What is up my lovely book nerds, I’m back and I’m feeling like I need to talk about something I really love: Graphic Novels.
No, no they’re not just comic books, they’re seriously incredible pieces of art and fantastic stories that are just presented in more visual way. I’ve always been so jealous of anyone who can draw (one of my friends Sam is a ridiculous artist and I am simultaneously so deeply jealous of them and also really proud of them for being so amazing) and people who can draw AND tell an Amazing story are just gods to me.
So, here’s a little run down of some of my favourite graphic novels, both ones I’ve read recently and old favourites.
Heartstopper – Alice Oseman
This one is no surprise whatsoever, so I’m not going to go on about Heartstopper loads, but I love everything about this queer graphic novel about boys in love. If you want to know more, you can read my blog about when I got to interview Alice for the launch of Heartstopper Volume 3 here, back when human contact was allowed, but just know that Nick & Charlie are my OTP.
In Waves – A J Dungo
This is one of the first graphic novels I read when I started working for Waterstones because I got sent a copy from the publishers. I had heard somethings but no-one I knew had read it so I went in blind. I was blown away
In Waves is two stories woven together. One is AJ’s story, the story of how he fell in love with a girl who loved surfing, how he fell in love with surfing and the ocean, and how his girlfriend got sick and died. The other story is the history of surfing and it’s development from something only found in Hawaii to a global sport.
The shift between the two threads is shown in the colour palettes used; the main story is in teals, blues, greens and greys, the colours of the ocean, whilst the history side of things is literally sepia toned, browns, tans, the colours of sand and beaches. Both are so separate yet perfectly complimentary, it’s honestly one of the most beautiful graphic novels just because of this.
Please, just have some tissues with you when you read it because, if you’re anything like me, you’re going to cry a fair bit.
Nimona – Noelle Stevenson
I read this purely because it was on the shelf at work and I’d just finished my book and needed something to read on my way home. It’s the reason why I get a lot of my books. I am so glad I did.
Nimona takes the idea of a bad guy’s sidekick, dumps it into a cocktail shaker with some snark, a weird bit of technology, and a lot of silliness, and the result is a chaotic mess of excellence that you can’t help but want to read more about.
Nimona is a shapeshifter, apparently cursed by a witch as a child, who has very few morals, or so it seems, when she enters the employ of the kingdoms greatest super villain! Well, greatest in that he never quite manages the wholesale destruction he’s aiming towards, due to his strict moral code.
The art style is simple but that’s exactly what is needed. It fits the tone of the story perfectly and really thats the whole point of a graphic novel over a novel with words. It’s super fun, super magic, and super messy, and will hit you in the feels when you least expect it, but it is so worth it. If you need something fun and adventurous, this is one for you!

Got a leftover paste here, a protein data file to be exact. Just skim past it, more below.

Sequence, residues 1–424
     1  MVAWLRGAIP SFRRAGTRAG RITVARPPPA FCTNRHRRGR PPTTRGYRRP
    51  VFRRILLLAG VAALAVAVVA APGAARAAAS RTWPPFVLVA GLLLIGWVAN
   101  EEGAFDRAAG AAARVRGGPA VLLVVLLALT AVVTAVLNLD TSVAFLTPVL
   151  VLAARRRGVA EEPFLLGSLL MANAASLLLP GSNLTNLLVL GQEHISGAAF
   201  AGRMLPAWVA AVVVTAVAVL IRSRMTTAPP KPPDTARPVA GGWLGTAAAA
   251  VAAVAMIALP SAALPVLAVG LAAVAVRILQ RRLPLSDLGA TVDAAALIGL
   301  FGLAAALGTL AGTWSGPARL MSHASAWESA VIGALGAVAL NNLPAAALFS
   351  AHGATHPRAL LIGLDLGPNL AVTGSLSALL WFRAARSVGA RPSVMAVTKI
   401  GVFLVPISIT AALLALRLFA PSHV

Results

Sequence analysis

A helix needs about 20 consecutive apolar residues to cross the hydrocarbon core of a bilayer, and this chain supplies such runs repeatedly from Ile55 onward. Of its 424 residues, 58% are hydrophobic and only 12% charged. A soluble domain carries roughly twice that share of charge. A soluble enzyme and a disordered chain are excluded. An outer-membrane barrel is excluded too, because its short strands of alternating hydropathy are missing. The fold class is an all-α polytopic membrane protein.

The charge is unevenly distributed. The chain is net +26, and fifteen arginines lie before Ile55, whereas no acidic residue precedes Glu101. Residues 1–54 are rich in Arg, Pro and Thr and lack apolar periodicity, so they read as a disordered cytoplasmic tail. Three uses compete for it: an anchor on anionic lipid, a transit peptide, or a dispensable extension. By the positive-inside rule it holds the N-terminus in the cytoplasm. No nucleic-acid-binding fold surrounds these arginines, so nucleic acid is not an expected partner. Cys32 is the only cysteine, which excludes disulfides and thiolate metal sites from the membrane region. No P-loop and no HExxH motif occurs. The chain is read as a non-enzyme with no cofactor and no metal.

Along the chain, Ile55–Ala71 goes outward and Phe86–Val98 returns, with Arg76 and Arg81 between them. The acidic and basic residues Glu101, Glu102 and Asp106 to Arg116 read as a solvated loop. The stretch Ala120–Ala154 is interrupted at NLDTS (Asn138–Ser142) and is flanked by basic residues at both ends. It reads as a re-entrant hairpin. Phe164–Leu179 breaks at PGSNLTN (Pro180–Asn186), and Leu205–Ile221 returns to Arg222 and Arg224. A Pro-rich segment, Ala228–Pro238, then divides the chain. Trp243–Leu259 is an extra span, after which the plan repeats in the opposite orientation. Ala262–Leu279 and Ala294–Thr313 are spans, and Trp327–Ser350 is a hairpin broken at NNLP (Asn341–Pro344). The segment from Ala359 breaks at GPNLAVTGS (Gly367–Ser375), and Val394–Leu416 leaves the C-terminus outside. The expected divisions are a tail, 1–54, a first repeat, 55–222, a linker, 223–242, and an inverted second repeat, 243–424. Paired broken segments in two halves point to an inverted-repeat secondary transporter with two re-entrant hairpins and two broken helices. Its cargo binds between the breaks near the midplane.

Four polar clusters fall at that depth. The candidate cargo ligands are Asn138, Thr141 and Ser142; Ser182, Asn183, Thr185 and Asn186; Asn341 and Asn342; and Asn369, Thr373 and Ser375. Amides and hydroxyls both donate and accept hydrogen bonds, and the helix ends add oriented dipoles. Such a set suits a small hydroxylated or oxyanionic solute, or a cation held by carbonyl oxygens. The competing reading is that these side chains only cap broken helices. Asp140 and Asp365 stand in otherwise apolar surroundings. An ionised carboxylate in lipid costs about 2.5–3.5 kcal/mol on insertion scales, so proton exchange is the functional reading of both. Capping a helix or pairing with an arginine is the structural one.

Mooncakes – Suzanne Walker and Wendy Xu
I love me some fantasy and this is the best kind: queer fantasy!
Mooncakes is an incredibly cute, incredibly beautiful graphic novel about a young witch, Nova, living with her witchy grandmothers (the most excellent old lesbian couple ever) and what happens when her childhood friend/sweetheart Tam (who happens to be a werewolf) returns to her life to help solve problems of a demon ravaging the town.
Not only is this a stunningly gorgeous graphic novel (honestly, the style is so so beautiful, Xu know’s what they’re doing and KILLS IT) but it deals with gender identity so so well. In one scene, Tam is talking to Nova about their preferred pronouns, and its just such a non-issue, as it should be. when they tell Nova’s grandmothers, both just accept it and never use the wrong pronouns again once informed. Its the kind of representation that is becoming more wide spread but this gave me all the warm and fuzzies!
Bloom – Kevin Panetta & Savanna Ganucheau
Bloom is a seriously beautiful graphic novel. It tells the story of Ari, a teenager working in his family bakery but with no intention of working there forever, much to his dad’s chagrin. Instead, he wants to move to the city with his band and be a musician. As a compromise, he sets out to find a replacement before he leaves. Enter Hector, stage left. Hector loves baking, loves the chance to work in a family business, and maybe starts to love Ari as well…
This story gave me major Heartstopper vibes. There’s cuteness, adorable boys not realising they have feelings for each other (except Hector is a bit more self aware than Nick) and some really lovely moments as they grow closer and share their lives and experiences with each other. The colour palette and artwork is perfectly matched to the story, Ganucheau did an incredible job, and I love this so much. If you want a gorgeous summery read, or something to remind you of summer now that it’s getting colder again, this is the perfect one for you.
So, there we have it. A run through of some of my absolute favourite graphic novels, some new and some old, but all absolutely brilliant. If you want me to do another post like this, let me know, because I have so many more amazing graphic novels that I’d love to fangirl about on here! If you’ve read any of these, let me know what you thought of them in the comments or over on twitter, and I’ll see you in the next post!